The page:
Â the number of accounts of the substantiation little x and the parent

Â assignment little u divided by the sum of all M x prime u for different values of X

Â prime or written otherwise, it's M x u divided by M u.

Â Now, what are the consequences of this expression when the number of parents

Â grows large? When the number of parents grows larger,

Â the number of buckets, that is, the number of different possible assignments,

Â little u, increases exponentially with the number of parents.

Â If you have two parents, it it grows exponentially with,

Â to the number of different buckets u, but if you have fifteen or 20 parents,

Â then the number of buckets into which we need to partition the data, increases

Â very quickly. And that means that most buckets, that is

Â most assignments little u, will have very few instances assigned to them which

Â means that, effectively most of these estimates which divides M of xu divided

Â by M of u, will be done with few or even zero instances Mu), of u, a which point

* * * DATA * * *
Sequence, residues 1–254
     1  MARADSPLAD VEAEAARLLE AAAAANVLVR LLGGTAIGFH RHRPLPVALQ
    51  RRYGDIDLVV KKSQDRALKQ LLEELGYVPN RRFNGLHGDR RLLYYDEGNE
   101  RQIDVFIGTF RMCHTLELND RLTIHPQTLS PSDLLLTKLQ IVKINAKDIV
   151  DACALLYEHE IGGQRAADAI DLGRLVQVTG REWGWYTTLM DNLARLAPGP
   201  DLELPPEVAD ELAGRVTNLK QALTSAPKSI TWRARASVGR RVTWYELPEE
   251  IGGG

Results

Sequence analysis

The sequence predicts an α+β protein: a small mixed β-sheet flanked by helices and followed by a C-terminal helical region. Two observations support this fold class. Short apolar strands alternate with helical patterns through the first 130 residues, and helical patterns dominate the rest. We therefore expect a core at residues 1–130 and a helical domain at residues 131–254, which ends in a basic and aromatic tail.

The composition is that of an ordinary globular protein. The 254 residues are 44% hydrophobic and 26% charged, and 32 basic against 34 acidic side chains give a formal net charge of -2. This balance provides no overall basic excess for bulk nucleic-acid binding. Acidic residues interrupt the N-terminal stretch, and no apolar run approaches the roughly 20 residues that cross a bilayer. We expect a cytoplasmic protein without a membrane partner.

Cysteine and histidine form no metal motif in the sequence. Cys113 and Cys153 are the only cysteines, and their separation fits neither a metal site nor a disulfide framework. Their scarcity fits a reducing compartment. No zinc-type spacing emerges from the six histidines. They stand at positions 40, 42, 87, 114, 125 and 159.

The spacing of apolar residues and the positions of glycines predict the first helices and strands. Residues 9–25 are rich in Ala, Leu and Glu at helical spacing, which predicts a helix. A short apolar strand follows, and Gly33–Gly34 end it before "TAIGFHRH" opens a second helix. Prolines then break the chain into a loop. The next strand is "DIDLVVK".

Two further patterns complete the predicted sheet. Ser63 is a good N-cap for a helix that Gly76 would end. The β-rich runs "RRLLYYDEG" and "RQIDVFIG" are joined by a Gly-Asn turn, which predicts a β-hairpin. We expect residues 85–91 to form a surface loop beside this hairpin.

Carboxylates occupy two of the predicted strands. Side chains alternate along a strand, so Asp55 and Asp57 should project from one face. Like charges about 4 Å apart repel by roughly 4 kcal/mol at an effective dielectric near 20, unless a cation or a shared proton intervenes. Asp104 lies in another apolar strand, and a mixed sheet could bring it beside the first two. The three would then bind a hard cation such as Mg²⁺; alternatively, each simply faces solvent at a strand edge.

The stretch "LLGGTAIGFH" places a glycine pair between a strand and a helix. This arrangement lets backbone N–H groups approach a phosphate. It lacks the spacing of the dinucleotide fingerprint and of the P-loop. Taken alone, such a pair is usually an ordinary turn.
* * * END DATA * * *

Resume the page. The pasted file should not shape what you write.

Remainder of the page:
Â any estimate is just totally bogus. And specifically, the that means that the

Â parameter estimates that we're going to get in most of the multinomial

Â parameters, once u gets large are going to be very poor.

Â So this concept is called fragmentation of the data and it has the following

Â important consequence. If the amount of data is limited relative

Â to, to model dimensionality, we can often get better estimates of the parameters

Â with simpler structures, even when these structures are actually wrong.

Â That is, even if we make incorrect in dependence assumptions that are making,

Â that are removing edges that really ought to be there,

Â we can sometimes get better generalization in terms of say, log

Â likelihood of test data than when using the much more complicated correct

Â structure.

Â